“People will forget what you said
People will forget what you did
But people will never forget how you made them feel.”
Within two miles from my home, are three convenience stores: a Rite Aid, a CVS and a Walgreens. Although the Rite-Aid is closest, I find myself driving furthest to the Walgreens. Why? When my children started school they were often asked to bring in photos, and, as a working mom with extremely limited time, having photos on hand was not in the cards, and having them printed was a headache. Then Walgreens came out with the ability to print photos from your iPhone. You just downloaded an app, uploaded the picture, and picked up the prints (often within an hour, and this was years ago.) That was a big deal for me, and because of this, I’ve become loyal to the store. I have a warm and fuzzy feeling for them and am willing to drive a bit further to get there.
Companies spend billions to create that warm and fuzzy feeling. Just watch any Johnson and Johnson, Tide, or even Rice Crispies commercial and even the roughest man may tear up. Don’t forget the Budweiser commercials with the Clydesdales; they’re appealing to your emotions, not your pocketbook. Most of those commercial hardly mention the product itself; they are selling you the betterment of life.
If you are not conscious of how you are making your clients feel, then you are losing long-term relationships and long-term dollars. Here are a few things to think about as we start the New Year.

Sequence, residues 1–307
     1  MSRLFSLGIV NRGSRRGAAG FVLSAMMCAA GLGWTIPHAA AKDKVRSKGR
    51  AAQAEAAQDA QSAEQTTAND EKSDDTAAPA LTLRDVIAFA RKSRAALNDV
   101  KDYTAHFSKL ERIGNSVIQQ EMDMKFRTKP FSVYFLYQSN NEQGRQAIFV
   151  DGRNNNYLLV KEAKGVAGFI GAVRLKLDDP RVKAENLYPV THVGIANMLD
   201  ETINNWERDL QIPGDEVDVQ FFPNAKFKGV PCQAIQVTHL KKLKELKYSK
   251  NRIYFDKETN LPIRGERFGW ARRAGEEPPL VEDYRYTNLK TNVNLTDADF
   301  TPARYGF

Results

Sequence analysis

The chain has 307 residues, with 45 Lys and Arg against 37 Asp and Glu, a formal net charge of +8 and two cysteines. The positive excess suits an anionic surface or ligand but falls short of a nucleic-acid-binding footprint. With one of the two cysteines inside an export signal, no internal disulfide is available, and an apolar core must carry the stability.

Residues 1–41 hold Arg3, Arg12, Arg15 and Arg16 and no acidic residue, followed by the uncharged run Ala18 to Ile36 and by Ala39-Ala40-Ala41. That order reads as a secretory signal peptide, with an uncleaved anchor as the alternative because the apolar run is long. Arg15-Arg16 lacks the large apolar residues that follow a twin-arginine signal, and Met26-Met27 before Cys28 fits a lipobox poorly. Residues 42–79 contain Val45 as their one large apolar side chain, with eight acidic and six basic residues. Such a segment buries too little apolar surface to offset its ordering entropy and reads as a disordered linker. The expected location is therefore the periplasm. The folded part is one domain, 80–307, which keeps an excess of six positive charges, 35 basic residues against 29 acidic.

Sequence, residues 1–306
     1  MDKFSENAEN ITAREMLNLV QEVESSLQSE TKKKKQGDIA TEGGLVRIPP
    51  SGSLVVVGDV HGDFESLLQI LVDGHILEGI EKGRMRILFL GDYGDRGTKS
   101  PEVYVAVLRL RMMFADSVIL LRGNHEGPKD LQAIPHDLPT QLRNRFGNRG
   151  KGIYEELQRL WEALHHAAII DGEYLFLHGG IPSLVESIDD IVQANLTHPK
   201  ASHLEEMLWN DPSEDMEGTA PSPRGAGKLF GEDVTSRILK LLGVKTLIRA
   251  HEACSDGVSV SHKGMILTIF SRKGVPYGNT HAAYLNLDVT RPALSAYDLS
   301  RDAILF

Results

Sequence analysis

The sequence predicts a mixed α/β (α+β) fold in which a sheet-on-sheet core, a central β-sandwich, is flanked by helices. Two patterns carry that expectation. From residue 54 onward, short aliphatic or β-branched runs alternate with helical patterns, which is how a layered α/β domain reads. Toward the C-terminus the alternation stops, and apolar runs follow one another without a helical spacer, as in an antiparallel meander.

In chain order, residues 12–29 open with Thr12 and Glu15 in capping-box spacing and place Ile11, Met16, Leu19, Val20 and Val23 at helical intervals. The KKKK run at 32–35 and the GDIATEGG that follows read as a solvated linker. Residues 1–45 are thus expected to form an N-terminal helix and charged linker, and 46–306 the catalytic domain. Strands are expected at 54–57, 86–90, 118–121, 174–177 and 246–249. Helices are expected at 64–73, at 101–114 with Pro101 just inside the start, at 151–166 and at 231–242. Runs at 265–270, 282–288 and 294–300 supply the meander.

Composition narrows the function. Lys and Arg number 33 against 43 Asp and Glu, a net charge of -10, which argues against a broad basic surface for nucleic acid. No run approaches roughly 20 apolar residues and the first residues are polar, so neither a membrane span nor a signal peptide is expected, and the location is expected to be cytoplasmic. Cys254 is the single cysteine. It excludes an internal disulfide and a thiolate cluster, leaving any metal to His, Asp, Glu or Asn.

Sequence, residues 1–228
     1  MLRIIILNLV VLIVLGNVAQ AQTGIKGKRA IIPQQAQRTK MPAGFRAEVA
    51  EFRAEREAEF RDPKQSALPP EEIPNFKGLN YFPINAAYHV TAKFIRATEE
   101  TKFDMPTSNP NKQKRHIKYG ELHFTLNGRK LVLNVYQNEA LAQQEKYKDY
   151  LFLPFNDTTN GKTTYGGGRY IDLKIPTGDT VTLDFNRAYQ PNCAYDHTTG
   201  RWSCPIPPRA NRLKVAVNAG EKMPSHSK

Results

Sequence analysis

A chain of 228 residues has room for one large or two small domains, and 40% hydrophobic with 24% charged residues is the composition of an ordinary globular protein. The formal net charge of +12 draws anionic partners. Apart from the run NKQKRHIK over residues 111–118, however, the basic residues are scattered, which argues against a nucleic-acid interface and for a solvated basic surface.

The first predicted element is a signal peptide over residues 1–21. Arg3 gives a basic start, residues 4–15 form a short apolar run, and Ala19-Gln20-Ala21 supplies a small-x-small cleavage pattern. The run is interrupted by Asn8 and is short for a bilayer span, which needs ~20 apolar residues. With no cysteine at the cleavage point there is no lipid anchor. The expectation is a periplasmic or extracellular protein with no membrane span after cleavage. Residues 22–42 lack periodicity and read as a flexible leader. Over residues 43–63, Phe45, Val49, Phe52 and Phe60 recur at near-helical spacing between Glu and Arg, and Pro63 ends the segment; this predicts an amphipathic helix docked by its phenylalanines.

Start with your team: It can take only one bad day, one snippy comment, or one roll of the eyes for a client never to come back, and they will remember why. Make sure your team knows that every impression counts. Who answers your phone and how do they answer it? When someone walks in the door, how are they greeted? What do they first see? No one wants to deal with someone miserable –everyone on your team is representing the company. Make sure they know it.
How do your installers approach the home? Are they polite? Do they take off their shoes? Make sure every member of your team is on board with the impression that you should be giving your clients.
Make sure your image is consistent: Surely it is easy to monitor how your in-house staff is doing compared with the install side. Remember, some of your clients may never set foot inside your showroom (if you have one), so the image that you portray when the truck pulls up is just as important. It is your showroom on wheels. Is it clean? Is it labeled with your company name and logo?
Homes are sanctuaries and having someone cut holes in your walls can be scary for people. Do your installers lay down drop cloths when cutting a hole? All of these interactions will contribute to whether the client will call you the next time they need an integrator.
Do not forget your non-interactive image: Not only can you control how your team answers the phone, and acts at someone’s house, you can also control how one feels about your company before you ever interact with them. By this, I am referring to your company website, social network pages, and advertising. It may be midnight when a client begins researching for whom they’ll be calling for their next system. Make sure that not only is your website professional, but human. Social media is easy and a great way to get your company name to show up in a Google search. Do you answer questions on your Facebook page? Do you post on these sites? Do you post great comments? How are your reviews?
By taking a step back from day-to-day business and looking at the image that you are creating, you can be sure that you to making people feel good. If you make them feel good, then they are more likely to spread the word. It goes beyond the products you sell to why you are in business in the first place.
If you make the client’s life better and make them happy, they’ll be clients for life.
Heather L. Sidorowicz is the president of Southtown Audio Video in Hamburg, NY.